Let Top-Runners set Energy Efficiency Standards

 

Summary:

In its bid to reduce greenhouse gas emissions, Japan has introduced 'top-runner targets', which have proven highly effective and worth considering by legislators in other countries. Under this scheme, manufacturers and importers of cars and major appliances such as air conditioners, refrigerators, televisions and computers sold in Japan are required to meet energy efficiency standards equivalent to the most energy-efficient model currently on the market in each product category. Basing standards on best possible performance has improved the energy efficiency of new appliances and products in Japan by up to 78%.

 

The idea: 

Japan's top-runner approach sets efficiency targets at the level of the most energy-efficient model currently on the market in each product category. Setting targets in this way improves the energy efficiency of new appliances and cars by up to 78%. If legislators in other countries followed Japan's example and introduced top-runner standards, the energy savings could potentially be huge.

The Japanese standards were established in a 1998 revision to the Energy Conservation Law and consecutive government ordinances. They are defined for a large number of product categories, configurations and capacities. Products included in the Top-Runner program are: passenger cars and trucks, air conditioners, refrigerators, fluorescent lights, televisions, video cassette recorders, photocopiers, computers and magnetic hard-disk drives. Manufacturers and importers have to fulfill the targets based on the sales-weighted average of their product thus taking into account which products have the largest share of sales. The targets have to be met between 2003 and 2010, and fines are specified in the law for those manufacturers and importers who do not meet the targets.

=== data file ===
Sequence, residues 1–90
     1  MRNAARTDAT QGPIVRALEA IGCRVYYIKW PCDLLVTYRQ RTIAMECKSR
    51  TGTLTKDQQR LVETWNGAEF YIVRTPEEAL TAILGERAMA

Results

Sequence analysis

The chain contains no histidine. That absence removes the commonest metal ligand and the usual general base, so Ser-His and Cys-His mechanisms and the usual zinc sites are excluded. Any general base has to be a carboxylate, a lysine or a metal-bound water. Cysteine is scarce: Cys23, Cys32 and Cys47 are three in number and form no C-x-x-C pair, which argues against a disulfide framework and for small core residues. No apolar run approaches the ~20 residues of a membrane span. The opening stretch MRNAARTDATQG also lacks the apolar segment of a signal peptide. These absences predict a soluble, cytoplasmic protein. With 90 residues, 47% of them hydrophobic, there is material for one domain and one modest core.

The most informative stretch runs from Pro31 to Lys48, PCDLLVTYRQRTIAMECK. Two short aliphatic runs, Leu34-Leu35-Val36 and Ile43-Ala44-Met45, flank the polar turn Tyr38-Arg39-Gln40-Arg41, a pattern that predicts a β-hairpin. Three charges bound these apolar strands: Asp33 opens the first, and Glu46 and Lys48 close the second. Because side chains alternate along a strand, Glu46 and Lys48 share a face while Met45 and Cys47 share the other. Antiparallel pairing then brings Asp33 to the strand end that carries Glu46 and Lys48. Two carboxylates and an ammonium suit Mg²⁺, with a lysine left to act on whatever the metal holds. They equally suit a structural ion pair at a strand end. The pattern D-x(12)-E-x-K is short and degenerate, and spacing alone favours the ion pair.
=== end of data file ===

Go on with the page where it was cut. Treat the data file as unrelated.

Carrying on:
Setting energy-efficiency standards based on top-runner performance is easier than setting them according to the product with the lowest life-cycle cost. The latter is the usual procedure in the USA and EU, but requires extensive studies of life-cycle cost-effectiveness of energy efficiency improvements. In contrast, it took Japan only half a year to define its top-runner targets.

Japan's Top-Runner standards have resulted in:

  • Energy efficiency improvements compared to the base year range from 6.5% (for diesel trucks, based on km/l) to 78% (for magnetic hard-disk drives, based on Watts/Gigabyte).

  • Improvements levels for fluorescent lights are 17%, for refrigerators 30% and for heat-pump air conditioners 63%.

  • Improvements for passenger cars of 15% (diesel) and 23% (gasoline) will be achieved.

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